US: APHIS proposing upping fees, for first time in a decade

The United States Department of Agriculture’s (USDA) Animal and Plant Health Inspection Service (APHIS) is announcing proposed changes to the fees it charges to recoup the costs of conducting agricultural quarantine inspections (AQI) at U.S. ports of entry. The adjustments APHIS proposes, the first changes to AQI user fees in nearly a decade, will ensure that the AQI program will have the financial stability it needs to continue the critical work of keeping U.S. agriculture safe and productive Agriculture, our country’s largest industry and employer, accounts for more than $1 trillion in annual economic activity. As volumes of international trade and travel both increase, so do the risks that foreign animal and plant pests and diseases can enter and establish themselves in the United States.

AQI activities include inspections conducted by the Department of Homeland Security’s (DHS) U.S. Customs and Border Protection (CBP) of conveyances, cargo and passenger baggage entering the country as well as APHIS’ analytical and scientific work to track pests overseas, focus inspections at ports of entry, and develop the import regulations that protect U.S. animal and plant health from foreign pests. The fees should fully fund the actual costs of running the AQI program and be borne by those using the services. However, revenue from fees charged has been insufficient to cover all costs and compelled DHS to use appropriated funds that should be available for other important homeland security functions and initiatives.

APHIS is concurrently proposing to adjust the hourly rates charged when APHIS employees perform work associated with AQI activities on Sundays, holidays or other after-hours periods so APHIS can recover the true cost of providing the services. The overtime rates would be raised commensurate with the anticipated cost of providing AQI services through 2018. This proposed rule includes clarifying regulations so that AQI inspections performed by DHS can be billed in accordance with DHS overtime regulations. This proposed rule will also be available for a 60 day comment period. This is the first proposed change to overtime rates since 2002.

The proposed AQI fee structure ensures that no one party pays more than the costs of the services they incur. Because the proposal aligns fees with actual program costs, some fees will be lowered under the proposed structure. APHIS is proposing to lower fees for international air passengers from $5 to $4 per passenger and fees for railroad cars from $7.75 to $2 per railroad car. The current fees for these services generate more revenue than needed to cover their costs.

APHIS also proposes to raise user fees for inspections of commercial aircraft from $70.75 to $225, commercial maritime cargo vessels from $496 to $825, commercial trucks with a transponder (a sticker that contains an electronic chip that transmits information about the vehicle’s user fee payment status) from $105 to $320 a year, and commercial trucks without a Animal and Plant Health Inspection Service transponder from $5.25 to $8 per crossing. In each of these cases, current fees do not generate sufficient revenue to cover the costs of the services. APHIS is also proposing to add a $2 fee per sea passenger to recover costs associated with inspecting cruise vessels and passenger baggage, and to add a $375 fee to recover the costs of APHIS services for monitoring the application of or providing treatments to imported car go to minimize pest risks.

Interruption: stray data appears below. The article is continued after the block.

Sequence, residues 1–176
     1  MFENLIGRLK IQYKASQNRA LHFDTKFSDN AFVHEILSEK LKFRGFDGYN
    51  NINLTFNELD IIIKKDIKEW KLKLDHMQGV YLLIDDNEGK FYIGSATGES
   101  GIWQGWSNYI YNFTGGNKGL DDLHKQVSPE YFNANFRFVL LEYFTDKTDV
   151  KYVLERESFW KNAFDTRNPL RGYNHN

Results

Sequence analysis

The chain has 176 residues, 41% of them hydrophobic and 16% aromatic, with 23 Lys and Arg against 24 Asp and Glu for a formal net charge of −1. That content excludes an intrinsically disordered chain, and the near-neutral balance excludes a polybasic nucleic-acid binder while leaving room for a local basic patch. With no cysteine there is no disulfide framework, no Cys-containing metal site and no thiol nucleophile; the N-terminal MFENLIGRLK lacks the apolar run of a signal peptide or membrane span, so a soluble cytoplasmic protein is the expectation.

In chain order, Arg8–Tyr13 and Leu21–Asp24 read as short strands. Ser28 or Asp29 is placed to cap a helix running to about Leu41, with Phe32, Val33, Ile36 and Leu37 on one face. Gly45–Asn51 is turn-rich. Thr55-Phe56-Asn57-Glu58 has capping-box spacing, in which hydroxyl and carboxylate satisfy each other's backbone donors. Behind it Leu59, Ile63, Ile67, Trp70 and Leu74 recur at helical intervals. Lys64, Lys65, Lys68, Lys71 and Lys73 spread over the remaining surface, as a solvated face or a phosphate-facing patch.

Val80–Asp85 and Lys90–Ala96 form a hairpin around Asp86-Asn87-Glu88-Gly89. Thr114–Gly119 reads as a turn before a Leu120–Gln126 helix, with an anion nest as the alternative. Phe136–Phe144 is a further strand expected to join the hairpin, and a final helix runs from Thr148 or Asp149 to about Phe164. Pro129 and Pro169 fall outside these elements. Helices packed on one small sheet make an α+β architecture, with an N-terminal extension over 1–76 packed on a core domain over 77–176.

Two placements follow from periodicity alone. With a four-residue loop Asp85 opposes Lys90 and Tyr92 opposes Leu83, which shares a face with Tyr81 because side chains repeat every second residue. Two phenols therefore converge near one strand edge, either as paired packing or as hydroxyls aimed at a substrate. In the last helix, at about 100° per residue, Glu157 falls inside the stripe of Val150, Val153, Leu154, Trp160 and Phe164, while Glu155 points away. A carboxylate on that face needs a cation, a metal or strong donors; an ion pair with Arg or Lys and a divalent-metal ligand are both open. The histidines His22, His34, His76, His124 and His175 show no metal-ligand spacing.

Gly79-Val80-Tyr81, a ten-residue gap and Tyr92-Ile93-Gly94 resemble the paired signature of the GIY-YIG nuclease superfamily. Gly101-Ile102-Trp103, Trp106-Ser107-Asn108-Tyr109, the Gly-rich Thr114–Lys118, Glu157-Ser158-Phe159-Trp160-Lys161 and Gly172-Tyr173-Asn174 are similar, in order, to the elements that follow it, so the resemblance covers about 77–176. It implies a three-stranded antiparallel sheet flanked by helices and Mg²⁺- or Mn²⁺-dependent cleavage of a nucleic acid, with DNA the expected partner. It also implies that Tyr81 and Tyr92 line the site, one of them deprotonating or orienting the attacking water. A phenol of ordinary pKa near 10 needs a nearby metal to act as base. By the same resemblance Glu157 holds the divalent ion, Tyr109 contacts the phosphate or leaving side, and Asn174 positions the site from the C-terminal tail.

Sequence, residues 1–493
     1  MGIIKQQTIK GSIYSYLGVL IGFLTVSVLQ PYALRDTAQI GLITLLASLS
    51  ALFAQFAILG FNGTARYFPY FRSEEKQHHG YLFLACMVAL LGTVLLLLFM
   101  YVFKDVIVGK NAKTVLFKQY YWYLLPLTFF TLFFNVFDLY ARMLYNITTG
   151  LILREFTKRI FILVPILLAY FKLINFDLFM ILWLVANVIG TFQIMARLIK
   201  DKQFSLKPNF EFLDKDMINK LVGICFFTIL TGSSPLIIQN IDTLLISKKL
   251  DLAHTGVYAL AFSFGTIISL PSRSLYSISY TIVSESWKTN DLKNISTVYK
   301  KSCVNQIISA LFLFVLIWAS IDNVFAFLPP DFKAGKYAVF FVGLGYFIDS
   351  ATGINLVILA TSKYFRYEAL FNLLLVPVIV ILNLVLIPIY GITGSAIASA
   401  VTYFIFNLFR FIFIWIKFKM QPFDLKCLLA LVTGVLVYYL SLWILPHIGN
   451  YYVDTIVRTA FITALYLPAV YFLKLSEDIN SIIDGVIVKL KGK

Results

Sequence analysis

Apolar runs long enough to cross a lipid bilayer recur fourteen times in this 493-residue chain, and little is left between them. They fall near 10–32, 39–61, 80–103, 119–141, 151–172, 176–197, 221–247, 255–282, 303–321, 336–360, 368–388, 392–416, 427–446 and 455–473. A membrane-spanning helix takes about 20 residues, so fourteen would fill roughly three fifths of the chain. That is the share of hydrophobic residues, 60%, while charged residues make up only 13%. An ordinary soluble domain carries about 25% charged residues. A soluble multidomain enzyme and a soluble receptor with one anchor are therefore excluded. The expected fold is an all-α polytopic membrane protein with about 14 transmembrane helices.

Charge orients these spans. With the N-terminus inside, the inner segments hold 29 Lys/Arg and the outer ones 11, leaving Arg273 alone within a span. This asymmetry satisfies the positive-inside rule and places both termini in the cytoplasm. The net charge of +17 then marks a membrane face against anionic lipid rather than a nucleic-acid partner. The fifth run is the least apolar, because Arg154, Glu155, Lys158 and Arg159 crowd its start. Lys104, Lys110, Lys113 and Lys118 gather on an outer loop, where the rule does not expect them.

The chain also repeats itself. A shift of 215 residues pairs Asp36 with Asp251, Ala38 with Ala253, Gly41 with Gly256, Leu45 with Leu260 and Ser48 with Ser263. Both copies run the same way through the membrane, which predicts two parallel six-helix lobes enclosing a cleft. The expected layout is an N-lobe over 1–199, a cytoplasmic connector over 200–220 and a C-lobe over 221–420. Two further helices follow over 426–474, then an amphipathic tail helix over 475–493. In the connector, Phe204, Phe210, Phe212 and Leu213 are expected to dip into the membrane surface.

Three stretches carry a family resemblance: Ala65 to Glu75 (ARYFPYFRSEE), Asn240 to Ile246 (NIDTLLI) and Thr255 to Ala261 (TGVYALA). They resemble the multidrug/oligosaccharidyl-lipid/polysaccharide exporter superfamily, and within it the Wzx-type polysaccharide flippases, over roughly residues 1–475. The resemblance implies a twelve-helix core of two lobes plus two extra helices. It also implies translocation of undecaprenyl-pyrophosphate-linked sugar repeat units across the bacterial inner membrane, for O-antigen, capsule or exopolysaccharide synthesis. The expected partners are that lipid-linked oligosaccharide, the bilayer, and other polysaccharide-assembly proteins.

APHIS worked with an independent accounting firm to review the AQI fee structure and carefully considered a number of alternatives for revising the user fees. Much of the additional revenue from fees will cover the costs of ongoing CBP inspection activities that are now supported through taxpayer funds. This user fee rate update will allow us to recover the costs from those that benefit from the services associated with importing goods into the country, while minimizing impacts to U.S. employment and the economy.

This is the first major adjustment to AQI fees in nearly 10 years. Other than minor adjustments for inflation from FY 2000-FY 2010, the fee rates have not changed even though the program has hired several hundred additional inspectors and incurred other costs to meet the increasing need caused by a large increase in arriving international passenger and cargo traffic.

Having adequate revenues means that the AQI program will have the financial stability it needs to continue the critical work of keeping U.S. agriculture safe and productive. The proposal will be available for a 60-day comment period and APHIS will consider all comments as it works to finalize the changes to the fees.

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